Answer….. Dr. Meghann Jo… speak to your vet,You can use interferon or azithromycin to try and get it to resolve faster since it is a severe case. Oral papilloma virus is usually self limiting and goes away on its own.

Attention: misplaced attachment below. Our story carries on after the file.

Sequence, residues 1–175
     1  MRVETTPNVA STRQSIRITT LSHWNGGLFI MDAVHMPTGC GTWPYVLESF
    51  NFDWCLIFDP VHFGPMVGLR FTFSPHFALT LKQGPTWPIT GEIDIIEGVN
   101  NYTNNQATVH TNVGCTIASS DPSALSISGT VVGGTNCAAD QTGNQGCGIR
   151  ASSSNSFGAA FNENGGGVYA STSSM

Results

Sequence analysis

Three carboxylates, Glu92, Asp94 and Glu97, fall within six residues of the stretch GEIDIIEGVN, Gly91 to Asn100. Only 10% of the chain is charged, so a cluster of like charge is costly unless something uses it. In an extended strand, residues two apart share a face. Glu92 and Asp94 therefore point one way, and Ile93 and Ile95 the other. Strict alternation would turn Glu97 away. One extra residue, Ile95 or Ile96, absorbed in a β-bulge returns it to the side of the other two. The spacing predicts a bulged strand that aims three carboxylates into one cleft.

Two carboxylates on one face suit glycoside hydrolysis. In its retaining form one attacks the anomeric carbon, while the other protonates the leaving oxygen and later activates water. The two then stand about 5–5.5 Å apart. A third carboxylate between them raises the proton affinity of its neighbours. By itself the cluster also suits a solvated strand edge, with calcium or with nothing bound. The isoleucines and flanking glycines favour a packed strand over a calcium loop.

2) Paw issue has progressed even further and am looking for additional eyes to help us figure this out. Pic belowAnswer..Dr. Lea A Mayer …. I think that your pup suffers from pododermatitis.Pododermatitis means inflammation of the feet, and is considered to be more of a description, than an actual disease. Many underlying disorders result in pododermatitis.The most common cause of pododermatitis is allergy, especially atopy (environmental allergy) and food allergies. The allergy can cause inflammation of many areas of the skin, including the feet. Many pets with a pododermatitis can then develop a secondary bacterial or yeast infection.In addition to allergies, other causes of pododermatitis includes a form of mange (Demodex), fungal infections (ringworm or dermatophytosis), dilated (cystic) hair follicles, sterile granuloma, and autoimmune disorders such as pemphigus foliaceus. Foreign bodies such as plant awns or fox tails are frequently the cause of pododermatitis, although this will most often affect only one foot. There are also internal diseases, such as a failure of the liver, which can cause destruction (necrosis) of the foot pads, or hormonal disorders such as hypothyroidism or Cushing’s disease, which can make animals more proneto develop infections.Any allergic pet should be considered prone or susceptible to developing pododermatitis. In addition animals outside with greater exposure to foxtails, and ringworm in the soil are also at greater risk. Larger dogs may also be at greater risk of developing infections from hair shafts which have been pushed under the skin (similar to an ingrown hair), which can cause inflamed lumps between the toes.3) my dog has a couple cauliflower like growths on her. Vet has seen them & thinks papilloma virus. The one on her nose is small and unchanged but the one on her chest is growing outward and has started to bleed.Answer… Dr. Anamana Cr… I’d remove it because of the bleeding and risk of infection. If it seems more concerning at time of removal (once vet is in the tissue and examining it more closely), you can ask to have the tissue sample submitted for histopathology. Pic below